On the other hand, the Seventh Circuit has made it emphatically clear that intentional deprivations of liberty interests, the fourth possible combination above, are not subject to Parratt analysis.[2]Jackson v. City of Joliet, supra. Thus, this court is confronted with the third possible combination: intentional deprivations of property interests.

Several courts have squarely held intentional deprivations of property interests to be susceptible to Parratt analysis. Palmer v. Hudson, 697 F.2d 1220 (4th Cir.), cert. granted, ___ U.S. ___, 103 S. Ct. 3535, 77 L. Ed. 2d 1386 (1983); Rutledge v. Arizona Board of Regents, 660 F.2d 1345, 1352 (9th Cir.1981), aff'd on other grounds sub nom. Kush v. Rutledge, ___ U.S. ___, 103 S. Ct. 1483, 75 L. Ed. 2d 413 (1983). See also, Gilday v. Boone, 657 F.2d 1, 2 n. 1 (1st Cir. 1981). As the court in Palmer said:

Parratt's scope cannot easily be limited to negligent deprivations of property. For, if the underlying principle is, as Justice Rehnquist stated in a plurality opinion, that when no practical way to provide a predeprivation hearing exists, a postdeprivation hearing exists, a postdeprivation hearing will satisfy the dictates of procedural due process, then it as well applies to an intentional deprivation for which meaningful prior review was impractical.

697 F.2d at 1222 (citations and footnote omitted). However, it is debatable just where the Seventh Circuit stands on the question.

In Madyun v. Thompson, 657 F.2d 868 (7th Cir.1981), the Court of Appeals seemed to hold at page 873 that the plaintiff's allegation of an intentional deprivation of his property, without more, stated a claim under § 1983. Nevertheless, in that case the Court did not hold that a claim is always stated when the conduct complained of is intentional; rather, the court remanded the matter on the basis of an inadequate record.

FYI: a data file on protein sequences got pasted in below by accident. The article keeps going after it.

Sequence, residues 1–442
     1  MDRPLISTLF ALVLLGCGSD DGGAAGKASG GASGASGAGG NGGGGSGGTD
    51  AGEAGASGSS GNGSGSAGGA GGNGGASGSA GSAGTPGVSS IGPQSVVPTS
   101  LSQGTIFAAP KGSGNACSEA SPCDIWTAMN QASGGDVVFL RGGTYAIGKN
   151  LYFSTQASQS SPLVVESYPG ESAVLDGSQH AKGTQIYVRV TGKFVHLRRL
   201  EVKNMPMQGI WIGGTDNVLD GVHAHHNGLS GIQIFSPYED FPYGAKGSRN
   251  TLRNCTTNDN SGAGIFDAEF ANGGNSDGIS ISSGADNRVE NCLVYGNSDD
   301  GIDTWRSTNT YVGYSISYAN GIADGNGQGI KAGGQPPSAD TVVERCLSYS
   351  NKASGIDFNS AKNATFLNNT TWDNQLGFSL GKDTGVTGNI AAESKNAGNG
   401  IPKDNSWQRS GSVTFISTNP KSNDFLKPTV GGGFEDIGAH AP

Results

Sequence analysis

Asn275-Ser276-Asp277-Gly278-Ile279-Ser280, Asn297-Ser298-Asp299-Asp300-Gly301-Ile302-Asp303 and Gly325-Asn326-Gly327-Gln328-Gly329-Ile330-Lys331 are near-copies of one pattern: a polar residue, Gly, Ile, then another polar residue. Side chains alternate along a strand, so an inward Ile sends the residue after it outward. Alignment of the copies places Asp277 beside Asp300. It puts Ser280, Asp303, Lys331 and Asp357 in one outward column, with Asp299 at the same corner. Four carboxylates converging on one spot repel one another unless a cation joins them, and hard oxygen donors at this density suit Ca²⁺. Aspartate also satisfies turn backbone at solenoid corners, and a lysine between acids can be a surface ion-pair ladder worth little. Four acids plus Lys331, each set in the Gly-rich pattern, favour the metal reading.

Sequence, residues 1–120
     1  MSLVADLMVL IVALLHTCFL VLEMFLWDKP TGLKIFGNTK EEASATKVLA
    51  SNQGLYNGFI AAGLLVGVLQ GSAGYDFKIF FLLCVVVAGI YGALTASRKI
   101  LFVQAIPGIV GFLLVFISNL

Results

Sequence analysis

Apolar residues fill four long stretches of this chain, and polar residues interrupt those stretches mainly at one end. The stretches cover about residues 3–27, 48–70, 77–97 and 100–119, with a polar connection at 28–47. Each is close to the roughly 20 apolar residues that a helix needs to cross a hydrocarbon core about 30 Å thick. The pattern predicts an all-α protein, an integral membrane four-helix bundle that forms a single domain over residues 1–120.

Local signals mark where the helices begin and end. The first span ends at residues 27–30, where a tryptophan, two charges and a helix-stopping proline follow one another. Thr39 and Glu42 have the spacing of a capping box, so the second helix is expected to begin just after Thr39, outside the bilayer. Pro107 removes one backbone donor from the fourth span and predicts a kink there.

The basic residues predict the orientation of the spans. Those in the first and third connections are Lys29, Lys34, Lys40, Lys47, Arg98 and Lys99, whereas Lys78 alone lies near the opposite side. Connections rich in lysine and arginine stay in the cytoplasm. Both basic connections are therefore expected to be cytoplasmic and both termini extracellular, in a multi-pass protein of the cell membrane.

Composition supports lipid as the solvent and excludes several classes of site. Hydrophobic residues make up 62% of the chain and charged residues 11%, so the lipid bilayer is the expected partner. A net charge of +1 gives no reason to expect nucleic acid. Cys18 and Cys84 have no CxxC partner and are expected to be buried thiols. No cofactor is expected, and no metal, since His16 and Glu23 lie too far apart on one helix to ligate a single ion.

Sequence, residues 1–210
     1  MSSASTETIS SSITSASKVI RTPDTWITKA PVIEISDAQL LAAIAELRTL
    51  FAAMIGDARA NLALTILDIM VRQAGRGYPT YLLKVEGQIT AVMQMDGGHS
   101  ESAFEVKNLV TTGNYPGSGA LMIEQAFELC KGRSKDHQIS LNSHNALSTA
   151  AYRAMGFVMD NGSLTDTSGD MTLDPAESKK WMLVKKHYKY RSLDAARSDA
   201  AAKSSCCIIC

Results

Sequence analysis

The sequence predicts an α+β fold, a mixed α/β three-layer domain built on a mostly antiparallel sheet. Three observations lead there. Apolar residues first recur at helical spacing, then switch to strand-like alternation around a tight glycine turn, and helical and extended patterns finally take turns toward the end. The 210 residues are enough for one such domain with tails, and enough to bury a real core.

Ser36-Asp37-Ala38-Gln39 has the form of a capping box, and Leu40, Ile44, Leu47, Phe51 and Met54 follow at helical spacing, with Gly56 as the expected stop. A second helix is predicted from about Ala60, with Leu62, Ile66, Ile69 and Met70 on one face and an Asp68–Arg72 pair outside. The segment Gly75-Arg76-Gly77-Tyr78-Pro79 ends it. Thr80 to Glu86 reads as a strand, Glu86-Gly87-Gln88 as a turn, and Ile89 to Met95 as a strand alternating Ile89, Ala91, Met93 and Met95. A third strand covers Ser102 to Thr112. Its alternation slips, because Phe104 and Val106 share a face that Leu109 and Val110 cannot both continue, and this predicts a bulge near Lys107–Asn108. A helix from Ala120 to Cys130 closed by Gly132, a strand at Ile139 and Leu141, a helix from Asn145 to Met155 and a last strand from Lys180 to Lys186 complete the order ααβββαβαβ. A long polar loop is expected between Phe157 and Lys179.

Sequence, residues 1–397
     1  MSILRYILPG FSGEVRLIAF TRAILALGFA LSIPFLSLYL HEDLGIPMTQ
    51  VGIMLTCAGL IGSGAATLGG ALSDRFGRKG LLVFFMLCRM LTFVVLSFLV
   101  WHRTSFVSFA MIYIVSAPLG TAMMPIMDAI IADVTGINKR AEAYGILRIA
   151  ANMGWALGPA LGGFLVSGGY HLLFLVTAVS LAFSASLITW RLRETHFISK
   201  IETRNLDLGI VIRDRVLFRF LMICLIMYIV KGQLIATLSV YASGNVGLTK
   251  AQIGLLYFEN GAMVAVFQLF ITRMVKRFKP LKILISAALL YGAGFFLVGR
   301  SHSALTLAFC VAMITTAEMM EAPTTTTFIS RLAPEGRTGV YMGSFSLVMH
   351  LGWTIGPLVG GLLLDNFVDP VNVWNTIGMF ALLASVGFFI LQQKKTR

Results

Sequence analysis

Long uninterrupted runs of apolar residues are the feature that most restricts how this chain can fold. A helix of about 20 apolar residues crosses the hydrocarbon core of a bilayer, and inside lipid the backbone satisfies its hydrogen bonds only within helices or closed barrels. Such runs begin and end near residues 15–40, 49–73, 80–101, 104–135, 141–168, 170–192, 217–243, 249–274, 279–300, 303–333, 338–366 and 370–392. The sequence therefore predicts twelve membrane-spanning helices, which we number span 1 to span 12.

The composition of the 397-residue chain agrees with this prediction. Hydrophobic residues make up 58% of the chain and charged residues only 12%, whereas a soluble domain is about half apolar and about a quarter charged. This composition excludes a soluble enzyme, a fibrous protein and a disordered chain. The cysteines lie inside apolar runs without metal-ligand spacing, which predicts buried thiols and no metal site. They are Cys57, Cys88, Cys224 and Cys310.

In two subsequent cases, the Seventh Circuit has held that no claim existed under § 1983 where acts, clearly intentional, allegedly deprived the complainants of protected interests without due process of law, because adequate state postdeprivation remedies existed. Wolf-Lillie v. Sonquist, 699 F.2d 864, 871 (7th Cir.1983); Ellis v. Hamilton, 669 F.2d 510, 514-15 (7th Cir. 1982), cert. denied, ___ U.S. ___, 103 S. Ct. 488, 74 L. Ed. 2d 631 (1983). Thus, while perhaps open to differing interpretations, these two cases seem to be in line with the growing weight of authority which holds that allegedly intentional deprivations of property interests do not state claims cognizable under § 1983, where adequate state postdeprivation remedies exist to protect the procedural due process rights of the complainants.[3]